Real or fake? This year, we’ll put up a small artificial tree for Christmas. Part of me cringes internally, remembering Mom’s scathing comments about fake trees and the kind of people who had them when we were growing up. Nice people didn’t use those tawdry things; they put up real trees that the family went out and chose; a nice big ceiling-height fresh one. We got our tree as late in the month as possible and it never went up beforeDecember 20th. We even had a few live ones with root balls way before tree hugging was fashionable, and those pretty pines now grace the front yards of two of the houses we lived in when I was a child.
As a young adult living on my own, I continued to use real trees, often ones I cut from an abundance of scrub pines and cedars from the farm where I lived. December trail riding was often a scoping trip to find the perfect tree for me and several friends. No Christmas tree story of mine would be complete without confessing the story of trying to drag one home on horseback. We chopped it down with an ax carried in my saddle bag, and I tied a drag rope to the trunk and attached it to the saddle D-rings for the short jog home. Conditions were perfect: there was snow on the ground and the tree slid along, perhaps too quietly at first. The horse, a young half broke 3 year old colt, barely noticed it, and I mounted him and set off. But it slid into his hocks down a slight incline and he panicked, exploding into a rodeo-worthy bucking frenzy, convinced a lion had him by the back legs. I was unceremoniously dumped as he bolted at a dead run, as if the flames from hell were burning his tail. End result, the tree was broken up, it was a long walk back home where I found the horse, still snorting, trailing a broken bridle and wearing his saddle under his belly. More recently, we repurposed a Norfolk pine that we decorated for Christmas. Originally a 10-inch sapling choked with glitter flakes purchased after Christmas for fifty cents almost a decade ago, it grew larger every year, eventually getting too big to move easily this summer, so in lieu of repotting it and trying to find room to bring it back inside this fall, I rehomed it. It never made a good Christmas tree anyway so it became our Charlie Brown special. This year, we’re going artificial. In defense of my recent attitude change about that, artificial trees have come a long way since the tawdry horrors I remember from childhood. They look realistic, don’t shed needles, don’t need to be watered nor do you need to worry about digging a hole in the dead of winter to plant them outside. But should you wish for that wonderfully fragrant live tree, the area has plenty of Christmas tree farms open after Thanksgiving til just before Christmas. Many have good selections of pre-cut trees and even live trees with root balls you can plant after the holidays, as well as fields of chop your own beauties of all varieties. If the farm doesn’t have a website it’s best to call first to check prices and availability. LOWELANDS FARM Near Middleburg. Open weekends 9 to 5 through Dec. 16. (Last weekend subject to availability; call ahead.) Norway and Colorado blue spruce; Douglas, Canaan and Concolor fir; pre-cut Fraser fir. From Interstate 66, U.S. 50 west 16 miles to Route 734 (Snickersville Turnpike), right five miles to Route 733 (Lime Kiln Road), right one mile to Route 763 (Steptoe Hill Road), left 1/2 mile to sign on right. 540-687-6923.http://www.lowelandsfarm.com. MIDDLEBURG CHRISTMAS TREE FARM Near Middleburg. Open weekends 9 to 5 through Dec. 16. Norway and Colorado blue spruce, Douglas fir. U.S. 50 west to Middleburg, right at Route 626 (Foxcroft Road), 6.2 miles to Route 630 (Unison Road), right 0.1 miles to Christmas Tree Lane and farm on left. 540-554-8625. http://www.middleburgxmastrees.com GLENGARY TREE FARM Near Amissville. Open weekdays 8 to 4, weekends 9 to 4 through Dec. 24. Scotch and white pine, white and Colorado blue spruce, Douglas and Fraser fir. From Warrenton, Route 211 west 10 miles to Amissville and Route 642 (Viewtown Road), left one mile to Route 611 (Waterford Road), left two miles to Route 626 (Korea Road), right one mile to farm on left. 540-937-4751 or 540-937-2335. HINTER BENEDICTEN CONIFERS Near Amissville. Open weekends 10 to 5 throughDec. 16. White and Scotch pine, Canaan and Korean fir, blue and Norway spruce, Leyland cypress. From Warrenton, U.S. 211 west to Amissville, left on Route 642 (Viewtown Road), left on Route 611 (Waterford Road), right on Route 626 (Korea Road), bear right at bend, then right to 5040 Point of View Dr. in Viewtown. 540-937-6168.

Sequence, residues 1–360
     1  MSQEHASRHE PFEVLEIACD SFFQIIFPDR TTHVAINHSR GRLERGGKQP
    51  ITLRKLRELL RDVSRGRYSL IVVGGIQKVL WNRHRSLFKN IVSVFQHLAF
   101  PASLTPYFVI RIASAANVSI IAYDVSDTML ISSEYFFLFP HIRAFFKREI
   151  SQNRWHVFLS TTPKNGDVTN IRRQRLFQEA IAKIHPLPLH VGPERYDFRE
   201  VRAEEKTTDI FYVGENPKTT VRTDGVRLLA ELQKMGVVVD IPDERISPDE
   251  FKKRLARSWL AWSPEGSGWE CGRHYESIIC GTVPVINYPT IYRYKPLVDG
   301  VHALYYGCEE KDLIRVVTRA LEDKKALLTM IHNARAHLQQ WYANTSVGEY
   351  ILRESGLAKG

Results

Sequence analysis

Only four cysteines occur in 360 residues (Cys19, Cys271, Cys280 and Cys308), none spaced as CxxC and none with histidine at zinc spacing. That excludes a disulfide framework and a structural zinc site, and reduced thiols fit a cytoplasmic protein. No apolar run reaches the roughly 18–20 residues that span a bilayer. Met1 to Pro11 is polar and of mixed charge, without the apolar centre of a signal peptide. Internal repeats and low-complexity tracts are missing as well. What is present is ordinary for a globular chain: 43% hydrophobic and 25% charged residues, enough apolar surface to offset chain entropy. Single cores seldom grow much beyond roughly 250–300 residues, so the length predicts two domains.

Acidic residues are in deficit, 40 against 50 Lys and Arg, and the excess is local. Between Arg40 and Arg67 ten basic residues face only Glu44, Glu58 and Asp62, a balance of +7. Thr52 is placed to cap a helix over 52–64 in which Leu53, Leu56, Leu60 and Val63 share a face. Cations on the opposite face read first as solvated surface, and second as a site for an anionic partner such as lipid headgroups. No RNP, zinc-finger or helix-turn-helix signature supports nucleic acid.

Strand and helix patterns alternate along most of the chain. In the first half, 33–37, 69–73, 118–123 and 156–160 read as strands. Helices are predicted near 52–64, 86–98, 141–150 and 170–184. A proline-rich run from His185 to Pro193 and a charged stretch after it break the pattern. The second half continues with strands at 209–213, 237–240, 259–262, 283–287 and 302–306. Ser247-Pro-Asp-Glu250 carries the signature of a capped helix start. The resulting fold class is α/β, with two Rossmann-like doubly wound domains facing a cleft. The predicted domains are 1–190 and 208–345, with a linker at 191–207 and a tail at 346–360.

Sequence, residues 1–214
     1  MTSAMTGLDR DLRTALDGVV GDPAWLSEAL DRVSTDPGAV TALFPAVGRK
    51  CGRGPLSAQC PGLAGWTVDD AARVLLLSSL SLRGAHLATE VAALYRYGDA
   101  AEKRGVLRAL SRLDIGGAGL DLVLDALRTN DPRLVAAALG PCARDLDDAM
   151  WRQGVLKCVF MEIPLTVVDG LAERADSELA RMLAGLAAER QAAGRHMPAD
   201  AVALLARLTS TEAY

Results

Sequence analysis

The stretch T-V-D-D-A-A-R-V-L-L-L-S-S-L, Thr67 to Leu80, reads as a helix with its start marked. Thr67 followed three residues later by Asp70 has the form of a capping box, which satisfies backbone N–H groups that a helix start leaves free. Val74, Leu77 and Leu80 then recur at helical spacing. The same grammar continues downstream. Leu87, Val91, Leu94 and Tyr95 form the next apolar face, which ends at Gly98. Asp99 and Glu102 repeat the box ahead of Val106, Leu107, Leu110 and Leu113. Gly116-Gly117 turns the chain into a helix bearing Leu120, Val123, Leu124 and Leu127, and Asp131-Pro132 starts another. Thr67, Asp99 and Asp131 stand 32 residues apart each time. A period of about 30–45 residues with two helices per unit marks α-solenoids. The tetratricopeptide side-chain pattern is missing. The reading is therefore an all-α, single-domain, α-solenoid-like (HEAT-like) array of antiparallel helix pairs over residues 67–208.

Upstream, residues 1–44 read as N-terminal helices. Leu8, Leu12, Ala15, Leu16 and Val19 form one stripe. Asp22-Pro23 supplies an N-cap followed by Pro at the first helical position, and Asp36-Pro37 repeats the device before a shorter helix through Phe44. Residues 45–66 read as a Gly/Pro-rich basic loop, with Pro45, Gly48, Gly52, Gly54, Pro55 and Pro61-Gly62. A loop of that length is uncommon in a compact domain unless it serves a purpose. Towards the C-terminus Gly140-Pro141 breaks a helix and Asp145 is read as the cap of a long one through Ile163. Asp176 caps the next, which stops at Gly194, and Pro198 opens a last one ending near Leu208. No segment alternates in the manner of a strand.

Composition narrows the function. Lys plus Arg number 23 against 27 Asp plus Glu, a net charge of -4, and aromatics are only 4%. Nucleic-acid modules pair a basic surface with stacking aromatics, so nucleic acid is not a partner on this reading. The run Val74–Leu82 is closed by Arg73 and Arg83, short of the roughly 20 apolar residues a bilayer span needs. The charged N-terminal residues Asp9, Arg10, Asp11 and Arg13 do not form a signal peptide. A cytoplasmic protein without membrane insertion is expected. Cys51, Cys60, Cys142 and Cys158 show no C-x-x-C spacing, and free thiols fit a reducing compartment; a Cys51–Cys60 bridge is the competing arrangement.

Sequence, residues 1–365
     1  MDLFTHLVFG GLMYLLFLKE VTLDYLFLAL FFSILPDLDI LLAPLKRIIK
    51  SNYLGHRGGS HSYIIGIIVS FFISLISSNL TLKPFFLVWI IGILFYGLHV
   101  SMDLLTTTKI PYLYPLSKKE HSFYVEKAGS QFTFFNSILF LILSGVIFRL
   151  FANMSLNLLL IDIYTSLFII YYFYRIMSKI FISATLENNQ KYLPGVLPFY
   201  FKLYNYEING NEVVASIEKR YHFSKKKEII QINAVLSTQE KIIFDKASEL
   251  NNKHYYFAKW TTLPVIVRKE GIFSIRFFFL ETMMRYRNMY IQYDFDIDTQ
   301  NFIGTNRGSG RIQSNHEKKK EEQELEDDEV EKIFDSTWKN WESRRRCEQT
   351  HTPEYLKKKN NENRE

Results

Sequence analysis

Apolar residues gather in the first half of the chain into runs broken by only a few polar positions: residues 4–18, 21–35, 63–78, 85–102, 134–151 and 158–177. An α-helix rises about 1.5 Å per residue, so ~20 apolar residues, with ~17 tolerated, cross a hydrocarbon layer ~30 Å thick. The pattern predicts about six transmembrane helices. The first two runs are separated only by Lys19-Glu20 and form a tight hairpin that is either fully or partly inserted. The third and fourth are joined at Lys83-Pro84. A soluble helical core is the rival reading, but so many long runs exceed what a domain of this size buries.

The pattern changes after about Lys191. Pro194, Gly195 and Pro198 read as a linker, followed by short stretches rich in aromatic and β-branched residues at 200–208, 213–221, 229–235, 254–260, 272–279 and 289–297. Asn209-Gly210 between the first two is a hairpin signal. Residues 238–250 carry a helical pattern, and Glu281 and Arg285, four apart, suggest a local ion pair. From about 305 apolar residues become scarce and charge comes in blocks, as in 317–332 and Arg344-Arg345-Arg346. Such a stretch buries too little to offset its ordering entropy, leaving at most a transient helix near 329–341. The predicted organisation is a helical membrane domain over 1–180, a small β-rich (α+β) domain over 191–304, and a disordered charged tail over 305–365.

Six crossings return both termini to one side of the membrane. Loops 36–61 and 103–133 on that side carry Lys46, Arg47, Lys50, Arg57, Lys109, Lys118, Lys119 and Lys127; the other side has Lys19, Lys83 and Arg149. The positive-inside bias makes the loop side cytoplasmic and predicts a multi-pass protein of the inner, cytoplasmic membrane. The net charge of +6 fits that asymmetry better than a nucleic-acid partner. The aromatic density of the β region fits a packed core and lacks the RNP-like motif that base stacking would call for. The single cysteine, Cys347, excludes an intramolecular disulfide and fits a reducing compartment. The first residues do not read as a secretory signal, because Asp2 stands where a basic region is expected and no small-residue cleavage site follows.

OAK SHADE FARM Near Warrenton. Open Tuesday-Sunday 9 to 5 through Dec. 24. White pine, Norway spruce. From Warrenton, U.S. 211 west across Rappahannock River to Route 229, left six miles to Route 611 (Waterford Road), right one mile to farm on right.540-937-5062.
‘PEPER’MINT FARM Culpeper. Open 9 to 4:30 first two weekends of December, then by appointment. Scotch and white pine; Norway, blue and white spruce; Canaan fir. From Culpeper, Route 229 (Main Street extended) north to Route 729 (Eggbornsville Road), left 4.5 miles to farm on right. 540-825-4693.
K&K TREES Near Marshall. Open weekends 8 to 4:30 through Dec. 24. Norway spruce and white pine. Interstate 66 west to Exit 27, south on Route 721 (Free State Road) about six miles to farm on left. 540-364-1130.
Written by: Julie Reardon